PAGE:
Climate models will need to evolve to account for climate change, report finds
September 13, 2012 10:02 AM - Allison Winter, ENN
Climate trends and predictions are used to make decisions in more fields than one would expect. From farmers and fishermen, to insurance companies, to mayors and decision-makers concerned about emergency preparedness planning, to the general public, knowing about floods, droughts, heat waves and extreme storms help us prepare our businesses and daily activities. Because of climate change, we can no longer rely on historic norms and climate patterns that models use to predict future events. Despite recent progress in developing reliable climate models, there are still efficiencies to be gained across the large and diverse U.S. climate modeling community.
Mysterious Rise in Ocean Salinity
September 13, 2012 06:13 AM - RICHARD MATTHEWS, Global Warming is Real
Scientists have observed unexpected changes in the seawater salinity and they are increasingly concerned about the potential impact on ocean currents. The salinity of seawater can accelerate the water cycle which can cause extreme weather events like floods and drought. To investigate the issue of ocean salinity scientists have boarded the research vessel Knorr, which set sail on September 6, 2012. NASA’s Aquarius instrument is part of a separate research project that has been measuring seawater salinity from space since August 2011. In addition to ocean salinity, researchers are exploring the water cycle which involves the ways that water circulates between the Earth’s oceans, atmosphere, and land. This process involves precipitation and return to the atmosphere by evaporation and transpiration.
If Corporations Are People, Then Why Not Rivers?
September 12, 2012 09:12 AM - RP Siegel, Triple Pundit
In 1982, filmmaker Godfrey Reggio released a film called KOYAANISQATSI. The title is the Hopi word for "life out of balance," and it deals with the relationship between man and nature. I was reminded of this film when I read the news item about the government of New Zealand granting legal personhood to the Whanganui River.
Global Auto Production Driving to New Record
September 12, 2012 06:10 AM - Michael Renner | VITAL SIGNS ONLINE, Worldwatch Institute
Production of passenger vehicles (cars and light trucks) rose from 74.4 million in 2010 to 76.8 million in 2011—and 2012 may bring an all-time high of 80 million or more vehicles, according to new research conducted for our Vital Signs Online service. Global sales of passenger vehicles increased from 75.4 million to 78.6 million over the same period, with a projected 81.8 million in 2012. The major driver of increased production and sales are the so-called emerging economies, especially China. Rising sales translate into ever-expanding fleets. An estimated 691 million passenger cars were on the world's roads in 2011. When both light- and heavy-duty trucks are included, the number rises to 979 million vehicles, which was 30 million more than just a year earlier. By the end of 2012, the global fleet could top 1 billion vehicles—one for every seven people on the planet.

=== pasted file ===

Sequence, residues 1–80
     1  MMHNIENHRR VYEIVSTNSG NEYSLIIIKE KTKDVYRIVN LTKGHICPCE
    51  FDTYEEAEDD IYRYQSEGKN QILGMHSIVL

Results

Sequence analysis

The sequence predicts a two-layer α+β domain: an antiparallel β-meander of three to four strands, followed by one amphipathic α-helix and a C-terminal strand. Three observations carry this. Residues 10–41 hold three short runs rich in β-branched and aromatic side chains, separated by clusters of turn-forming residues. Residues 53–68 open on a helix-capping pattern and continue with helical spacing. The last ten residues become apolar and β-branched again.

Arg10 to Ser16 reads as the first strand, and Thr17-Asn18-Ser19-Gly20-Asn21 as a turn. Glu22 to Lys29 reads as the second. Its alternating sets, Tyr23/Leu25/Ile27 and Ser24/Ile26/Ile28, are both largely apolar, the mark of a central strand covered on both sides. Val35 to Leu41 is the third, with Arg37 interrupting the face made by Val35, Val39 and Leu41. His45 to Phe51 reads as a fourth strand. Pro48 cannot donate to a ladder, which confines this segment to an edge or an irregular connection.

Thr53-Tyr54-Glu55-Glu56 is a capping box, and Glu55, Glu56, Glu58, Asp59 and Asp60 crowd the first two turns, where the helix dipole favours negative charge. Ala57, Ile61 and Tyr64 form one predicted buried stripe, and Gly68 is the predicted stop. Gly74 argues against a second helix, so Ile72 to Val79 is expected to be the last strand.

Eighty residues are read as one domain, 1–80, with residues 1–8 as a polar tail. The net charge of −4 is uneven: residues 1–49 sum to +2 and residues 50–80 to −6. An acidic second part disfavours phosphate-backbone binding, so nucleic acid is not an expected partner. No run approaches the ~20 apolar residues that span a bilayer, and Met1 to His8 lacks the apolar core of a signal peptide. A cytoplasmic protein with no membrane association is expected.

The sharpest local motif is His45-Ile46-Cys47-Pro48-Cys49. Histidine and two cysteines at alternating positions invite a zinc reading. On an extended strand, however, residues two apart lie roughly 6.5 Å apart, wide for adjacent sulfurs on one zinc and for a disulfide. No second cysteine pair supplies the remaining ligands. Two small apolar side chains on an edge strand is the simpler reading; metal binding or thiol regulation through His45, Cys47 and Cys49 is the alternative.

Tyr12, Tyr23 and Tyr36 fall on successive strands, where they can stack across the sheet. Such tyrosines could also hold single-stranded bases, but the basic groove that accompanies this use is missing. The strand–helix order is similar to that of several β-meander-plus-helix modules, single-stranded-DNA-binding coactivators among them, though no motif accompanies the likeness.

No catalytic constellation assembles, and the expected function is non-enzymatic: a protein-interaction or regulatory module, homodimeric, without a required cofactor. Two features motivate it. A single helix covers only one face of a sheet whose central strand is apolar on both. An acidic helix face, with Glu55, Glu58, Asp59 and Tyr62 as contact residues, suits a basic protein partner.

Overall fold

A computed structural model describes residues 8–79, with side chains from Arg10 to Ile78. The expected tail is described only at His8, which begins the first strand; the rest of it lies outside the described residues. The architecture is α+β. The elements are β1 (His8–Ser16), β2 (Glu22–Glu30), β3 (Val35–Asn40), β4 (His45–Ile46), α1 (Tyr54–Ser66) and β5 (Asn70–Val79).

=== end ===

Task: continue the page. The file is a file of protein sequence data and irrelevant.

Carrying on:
Wind Power and Climate Change
September 11, 2012 09:02 AM - ScienceDaily
Though there is enough power in Earth's winds to be a primary source of near-zero emission electric power for the world, large-scale high altitude wind power generation is unlikely to substantially affect climate. That is the conclusion of a Lawrence Livermore National Laboratory climate scientist and collaborators who studied the geophysical limits to global wind power in a paper appearing in the Sept. 9 edition of the journal Nature Climate Change. "The future of wind energy is likely to be determined by economic, political and technical constraints rather than geophysical limits," said Kate Marvel, lead author of the paper and a scientist in the Laboratory's Program for Climate Model Diagnosis and Intercomparison.
Shell begins offshore drilling in the Alaskan Arctic
September 10, 2012 04:44 PM - Jeremy Hance, MONGABAY.COM